University of Missouri Extension

G457, Revised February 2014

Pasture, Rangeland, Forage (PRF) Rainfall Index Insurance in Missouri

Ryan Milhollin
Agricultural Economist
Commercial Agriculture Program
Ray Massey
Extension Professor
Commercial Agriculture Program
Joe Horner
Agricultural Economist
Commercial Agriculture Program

Forage and livestock producers in Missouri can buy insurance to mitigate forage production risk. Pasture, rangeland, forage (PRF) insurance was developed by the U.S. Department of Agriculture (USDA) Risk Management Agency (RMA) and has been available in Missouri since 2009. For Missouri, PRF insurance is based on a rainfall index and provides coverage when the precipitation in an area declines from its long-term, historical norm. The deadline for purchasing this insurance is typically in mid-November the year before the calendar year being covered.

How PRF insurance works

The rainfall index is based on data from the National Oceanic and Atmospheric Administration Climate Prediction Center that is specific to grid locations. Each grid area is 0.25 degrees in latitude by 0.25 degrees in longitude. The grids do not follow state, county or other geopolitical boundaries. The rainfall index is not based on individual farm or individual weather station precipitation data but rather is based on, or interpolated from, data from multiple weather stations. The historical index value, also called the expected grid index, is set to a 100 percent level; and an indemnity is paid when precipitation falls below an elected coverage level, the trigger grid index.

Producer choices

Different options are available to provide coverage for a farm. Premiums will vary by the selections made by the producer. Each option should be considered when purchasing PRF insurance.

Intended use

When using PRF insurance, a producer must select coverage for either grazing or haying purposes (Figure 1). Although acreage under one policy may only be selected to be insured for one intended use, producers can have separate polices even on the same farm, such as 50 acres in one field for grazing and another field of 50 acres for haying. Each intended use has its own base county value. The RMA assigns each grid area a base dollar value per acre for grazing and a base dollar value per acre for haying, which reflect typical production values for that area. In Missouri in 2013, the county base level for grazing varied across the state from $39.21 to $43.17 per acre, and the county base level for haying was $142.15 per acre.

Drought risk for grazing beef or dairy cattle may be partially mitigated with PRF insuranceFigure 1. Drought risk for grazing beef or dairy cattle may be partially mitigated with PRF insurance.
 

Coverage level

Coverage levels range from 70 to 90 percent. The coverage level establishes the rainfall deviation from the index when insurance pays an indemnity. The government subsidizes different coverage levels at different rates. The government will pay 51 percent of the total premium at the 90 percent coverage level, 55 percent for 80 and 85 percent coverage, and 59 percent for the 70 and 75 percent coverage levels.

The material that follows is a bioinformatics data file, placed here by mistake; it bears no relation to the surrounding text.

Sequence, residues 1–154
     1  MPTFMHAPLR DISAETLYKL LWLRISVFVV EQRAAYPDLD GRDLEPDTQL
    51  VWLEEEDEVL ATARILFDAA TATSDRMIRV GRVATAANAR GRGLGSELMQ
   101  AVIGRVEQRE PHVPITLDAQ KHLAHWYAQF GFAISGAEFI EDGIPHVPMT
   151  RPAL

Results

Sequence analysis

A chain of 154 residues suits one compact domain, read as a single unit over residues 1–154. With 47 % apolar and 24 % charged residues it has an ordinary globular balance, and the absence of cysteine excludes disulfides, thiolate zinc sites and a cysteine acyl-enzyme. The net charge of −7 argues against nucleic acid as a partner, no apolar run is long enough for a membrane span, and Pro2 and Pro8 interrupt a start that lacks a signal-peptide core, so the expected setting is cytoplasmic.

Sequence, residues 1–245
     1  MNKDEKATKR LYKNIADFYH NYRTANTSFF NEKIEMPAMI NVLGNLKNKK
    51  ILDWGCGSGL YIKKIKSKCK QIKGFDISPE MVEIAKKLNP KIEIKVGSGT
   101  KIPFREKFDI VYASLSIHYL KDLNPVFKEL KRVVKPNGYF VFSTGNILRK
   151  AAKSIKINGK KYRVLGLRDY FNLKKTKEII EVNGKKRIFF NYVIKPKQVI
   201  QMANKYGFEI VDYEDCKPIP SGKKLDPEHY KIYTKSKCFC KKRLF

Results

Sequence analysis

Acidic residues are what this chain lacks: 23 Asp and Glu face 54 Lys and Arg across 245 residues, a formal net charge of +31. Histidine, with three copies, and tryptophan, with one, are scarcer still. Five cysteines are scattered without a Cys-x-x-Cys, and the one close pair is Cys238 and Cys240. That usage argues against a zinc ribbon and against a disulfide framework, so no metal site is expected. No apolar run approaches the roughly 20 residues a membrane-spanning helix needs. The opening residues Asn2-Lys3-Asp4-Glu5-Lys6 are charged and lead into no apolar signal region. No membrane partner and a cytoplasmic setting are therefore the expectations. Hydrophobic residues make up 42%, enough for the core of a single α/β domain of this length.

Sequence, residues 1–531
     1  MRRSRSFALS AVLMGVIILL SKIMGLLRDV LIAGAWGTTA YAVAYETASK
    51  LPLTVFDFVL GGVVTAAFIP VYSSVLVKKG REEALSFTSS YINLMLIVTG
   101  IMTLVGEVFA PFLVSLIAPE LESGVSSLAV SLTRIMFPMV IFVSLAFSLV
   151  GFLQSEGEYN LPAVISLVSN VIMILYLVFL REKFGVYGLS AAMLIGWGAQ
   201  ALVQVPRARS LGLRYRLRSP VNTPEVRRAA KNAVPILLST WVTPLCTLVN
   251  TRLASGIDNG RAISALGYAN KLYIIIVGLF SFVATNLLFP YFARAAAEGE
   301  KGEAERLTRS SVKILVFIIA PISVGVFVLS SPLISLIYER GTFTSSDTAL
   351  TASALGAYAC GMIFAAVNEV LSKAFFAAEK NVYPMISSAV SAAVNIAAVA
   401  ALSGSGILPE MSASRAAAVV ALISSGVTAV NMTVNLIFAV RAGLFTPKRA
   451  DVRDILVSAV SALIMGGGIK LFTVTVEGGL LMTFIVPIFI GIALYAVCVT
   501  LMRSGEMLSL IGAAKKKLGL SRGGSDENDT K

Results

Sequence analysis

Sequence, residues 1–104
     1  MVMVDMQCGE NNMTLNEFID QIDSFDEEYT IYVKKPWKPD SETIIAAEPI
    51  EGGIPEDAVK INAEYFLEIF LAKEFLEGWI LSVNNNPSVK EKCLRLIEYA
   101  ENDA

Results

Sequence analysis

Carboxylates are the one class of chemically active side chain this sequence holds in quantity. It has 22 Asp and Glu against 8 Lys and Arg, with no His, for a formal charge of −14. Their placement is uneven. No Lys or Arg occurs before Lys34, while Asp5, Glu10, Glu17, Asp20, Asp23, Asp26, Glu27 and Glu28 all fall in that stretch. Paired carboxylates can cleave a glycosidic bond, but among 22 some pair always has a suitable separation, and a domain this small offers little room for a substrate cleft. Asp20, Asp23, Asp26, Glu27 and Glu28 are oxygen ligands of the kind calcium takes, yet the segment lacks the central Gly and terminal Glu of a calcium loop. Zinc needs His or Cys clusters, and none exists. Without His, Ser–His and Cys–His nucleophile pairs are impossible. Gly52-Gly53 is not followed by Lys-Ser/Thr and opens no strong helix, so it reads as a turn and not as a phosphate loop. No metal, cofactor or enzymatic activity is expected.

Productivity factor

The productivity factor allows producers to customize their PRF insurance policy based on their specific situation. Producers will select a productivity factor between 60 and 150 percent and will adjust the county base level per acre accordingly. This factor allows producers to adjust their forage value based on the specific productivity of their land. For example, if a farmer feels that a heavily fertilized hay crop needs more protection than the original county base level, then that farmer would select a productivity factor greater than 100 percent to increase the level of coverage.

PRF insurance index intervals

  • January and February
  • February and March
  • March and April
  • April and May
  • May and June
  • June and July
  • July and August
  • August and September
  • September and October
  • October and November
  • November and December

Figure 2. When purchasing PRF insurance, producers must choose coverage in at least two of these two-month intervals that do not overlap.

Index intervals

Producers choose coverage in two-month intervals (Figure 2). Factors to be considered when determining which intervals to cover include the type of forage or crop, the intended use, and the time period when precipitation is needed under normal conditions for the insured crop. Producers must allocate the percent of value across the chosen intervals to equal 100 percent. A minimum of two separate and nonoverlapping intervals must be selected, and a minimum of 10 percent and maximum of 60 percent of the coverage may be attributed to any one interval.

Grid location

A farm’s grid identification is based on a point of reference selected by the producer. The point of reference must be within the boundaries of the acreage to be insured. RMA’s website provides a grid locator tool, http://agforceusa.com/rma/ri/prf/maps, for identifying your land, establishing a point of reference and determining the grid identification (Figure 3). Multiple points of reference may be needed if acreage is noncontiguous or overlays into multiple grids, or if the intended use — haying or grazing — is different for part of the acreage. A producer may choose multiple points of reference within the insured acreage that are in different grids and have different base values and historical precipitation amounts.

The grid locator